DIY Music Festival Tips!
We all love attending music festivals – seeing live music, having fun with friends and escaping everyday life. It’s a special experience! But have you ever wondered how it all happens and what goes on behind the scenes? Do you want to be a part of making the magic happen? Music Industry Inside Out is here to bring you some real-world tips for creating and running your own music festival from three very passionate festival directors:
- Phaedra Watts – Festival Director of Nannup Music Festival
- Raymond Williams – Co-Founder and Director of Jungle Love Festival
- Bill Hauritz – Founder and Director of Woodford Folk Festival
Top Tips for Creating and Running your Own Music Festival
1. CREATE A STRONG FESTIVAL VISION
Bill tells us ‘the logistics and planning came after, it was the dreaming that came first.‘ In the early days of Woodford they ‘grew a shared vision amongst a group as large as we could make. There was a strong sense of ownership and from that grew an ethos that became very powerful and still exists.’
Having a clear vision for your festival will help you to know what you are working towards and why. This is where your passion comes into play! All three festival directors stated that their visions for their festivals have remained the same, and remained strong since the beginning.
When asked about the importance of boutique festivals, such as Jungle Love, Raymond says ‘they are an incubator for positive social change. They usually attract a crowd that shares similar values to the people who are staging it. One of our goals is to create an inclusive environment for like-minded people to come together and create friendships and special moments that would go on to positively affect their lives.‘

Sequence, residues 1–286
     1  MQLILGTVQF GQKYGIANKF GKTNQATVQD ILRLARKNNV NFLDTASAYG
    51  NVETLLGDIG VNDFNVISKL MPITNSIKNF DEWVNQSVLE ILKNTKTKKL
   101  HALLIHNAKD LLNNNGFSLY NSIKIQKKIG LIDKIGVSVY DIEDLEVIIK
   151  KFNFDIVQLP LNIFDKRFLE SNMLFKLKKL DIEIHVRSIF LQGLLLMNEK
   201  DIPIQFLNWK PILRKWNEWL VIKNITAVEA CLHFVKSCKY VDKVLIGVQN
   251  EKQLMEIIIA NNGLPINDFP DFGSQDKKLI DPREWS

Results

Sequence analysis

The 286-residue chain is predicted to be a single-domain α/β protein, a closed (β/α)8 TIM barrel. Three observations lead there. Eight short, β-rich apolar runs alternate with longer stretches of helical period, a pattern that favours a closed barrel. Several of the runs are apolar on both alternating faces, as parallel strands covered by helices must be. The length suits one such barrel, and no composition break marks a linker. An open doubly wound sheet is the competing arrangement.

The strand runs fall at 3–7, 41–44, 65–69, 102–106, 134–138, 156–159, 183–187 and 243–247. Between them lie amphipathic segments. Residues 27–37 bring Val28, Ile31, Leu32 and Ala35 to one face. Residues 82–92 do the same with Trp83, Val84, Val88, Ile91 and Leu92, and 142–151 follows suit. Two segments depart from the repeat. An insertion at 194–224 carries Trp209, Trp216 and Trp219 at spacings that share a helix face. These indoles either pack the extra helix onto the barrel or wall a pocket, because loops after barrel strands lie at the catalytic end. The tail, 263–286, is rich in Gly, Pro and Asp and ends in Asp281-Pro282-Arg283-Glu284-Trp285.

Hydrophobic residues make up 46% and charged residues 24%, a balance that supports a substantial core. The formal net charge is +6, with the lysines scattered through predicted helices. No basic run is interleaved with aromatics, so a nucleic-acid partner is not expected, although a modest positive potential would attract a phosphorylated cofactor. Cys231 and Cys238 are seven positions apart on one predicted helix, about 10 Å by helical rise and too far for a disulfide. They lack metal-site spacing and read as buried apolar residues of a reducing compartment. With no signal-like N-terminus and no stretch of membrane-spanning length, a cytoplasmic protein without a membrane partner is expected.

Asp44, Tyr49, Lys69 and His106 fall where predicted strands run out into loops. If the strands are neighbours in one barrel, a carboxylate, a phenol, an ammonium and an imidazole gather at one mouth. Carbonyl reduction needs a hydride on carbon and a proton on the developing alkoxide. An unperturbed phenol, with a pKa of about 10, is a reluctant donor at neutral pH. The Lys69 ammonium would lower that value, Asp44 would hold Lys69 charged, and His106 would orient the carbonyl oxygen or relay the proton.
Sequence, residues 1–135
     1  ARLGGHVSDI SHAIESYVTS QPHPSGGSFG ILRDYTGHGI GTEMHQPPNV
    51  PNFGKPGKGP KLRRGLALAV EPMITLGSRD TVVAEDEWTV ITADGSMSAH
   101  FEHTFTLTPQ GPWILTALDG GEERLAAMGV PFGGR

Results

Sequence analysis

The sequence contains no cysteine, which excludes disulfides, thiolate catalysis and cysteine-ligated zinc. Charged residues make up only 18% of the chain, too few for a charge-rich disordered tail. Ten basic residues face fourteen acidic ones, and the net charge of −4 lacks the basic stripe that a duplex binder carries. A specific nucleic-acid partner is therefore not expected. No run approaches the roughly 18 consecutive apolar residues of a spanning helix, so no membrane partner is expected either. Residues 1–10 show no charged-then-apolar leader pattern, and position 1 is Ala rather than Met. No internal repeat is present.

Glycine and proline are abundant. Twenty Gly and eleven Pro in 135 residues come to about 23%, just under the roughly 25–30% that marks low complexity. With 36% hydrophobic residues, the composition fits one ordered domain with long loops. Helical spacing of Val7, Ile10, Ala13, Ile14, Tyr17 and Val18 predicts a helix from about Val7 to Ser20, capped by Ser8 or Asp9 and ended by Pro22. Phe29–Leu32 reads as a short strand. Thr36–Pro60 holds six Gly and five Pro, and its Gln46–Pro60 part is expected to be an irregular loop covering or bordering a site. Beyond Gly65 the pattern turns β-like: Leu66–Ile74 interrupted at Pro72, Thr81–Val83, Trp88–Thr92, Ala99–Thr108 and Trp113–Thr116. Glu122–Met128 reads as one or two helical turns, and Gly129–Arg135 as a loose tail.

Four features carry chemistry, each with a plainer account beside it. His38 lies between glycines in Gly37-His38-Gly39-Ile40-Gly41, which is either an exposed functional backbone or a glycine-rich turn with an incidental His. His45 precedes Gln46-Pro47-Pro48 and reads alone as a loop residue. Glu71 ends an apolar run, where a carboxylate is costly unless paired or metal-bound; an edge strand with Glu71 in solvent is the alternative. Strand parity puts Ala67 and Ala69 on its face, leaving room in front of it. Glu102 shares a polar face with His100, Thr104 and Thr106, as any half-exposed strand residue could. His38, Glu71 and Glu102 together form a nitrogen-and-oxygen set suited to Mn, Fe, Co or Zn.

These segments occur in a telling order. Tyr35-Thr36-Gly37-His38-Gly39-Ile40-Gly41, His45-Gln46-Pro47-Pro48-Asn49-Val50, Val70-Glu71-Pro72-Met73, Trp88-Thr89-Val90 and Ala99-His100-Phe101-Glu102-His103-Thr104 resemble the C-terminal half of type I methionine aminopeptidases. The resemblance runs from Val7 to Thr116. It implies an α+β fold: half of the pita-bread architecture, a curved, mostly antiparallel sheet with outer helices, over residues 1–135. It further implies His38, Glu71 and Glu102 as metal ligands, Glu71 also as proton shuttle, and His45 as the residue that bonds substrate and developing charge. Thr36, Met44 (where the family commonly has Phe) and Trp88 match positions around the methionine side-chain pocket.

What has inspired you to start your own festival? What is your definition of a festival experience, and what does it mean to you? This special experience is what you want to create for your patrons, and it will show! Another thing to consider is what will make your festival unique and stand out amongst the others.
Bill: ‘Every festival is like its own being. It has to discover its own way of moving forward. That’s because of the personnel that makeup the festival – creating what it is and what it becomes.’ Bill also reminded us that festivals have different purposes. ‘There’s the big city festivals – Sydney Festival, Melbourne Festival etc. which are all great and achieve things in their own right. Then there’s the Woodford level, which has it’s unique purpose and ideas, small community. Then you have music industry festivals like Splendour in the Grass and Byron Bay Bluesfest. All great festivals in their own right but all have a different purpose.‘ Be sure to know what type of festival yours will be so you know how to work with that.
2. START SMALL
Raymond: ‘Start really, really small. If you can get just 300 people into a paddock and pull off something very basic, but get all of the little things right, they’ll have a great time and they’ll tell people to come back the next year. But even before starting a festival, try throwing a few house parties with several bands. There’ll undoubtedly be hiccups and you’ll learn so much each time so that when you do do a festival you’ll be far more experienced with what it takes to run a smoother production. Don’t be daunted by the scale of other festivals you love. I made that mistake when I went to my first Big Day Out. It didn’t occur to me at the time that it didn’t start out as a 50,000 person touring festival, it took years to build up to that. Every festival starts out with humble beginnings.‘
Bill: ‘In 2004, I was gifted a fellowship to go to the USA and Canada to study festivals. I toured around and went to festivals when they were on, and met the owners and organisers of the festivals when they weren’t actually on. (Which is where I learnt most things because you couldn’t really talk to people when it was on.) From my study, what was common among non-for-profit festivals in America and Canada was that they all started small and grew, the same as we did. There were no exceptions to that. I think there’s some wisdom in starting small, and boutique. You can grow it and if it’s successful it will become major.’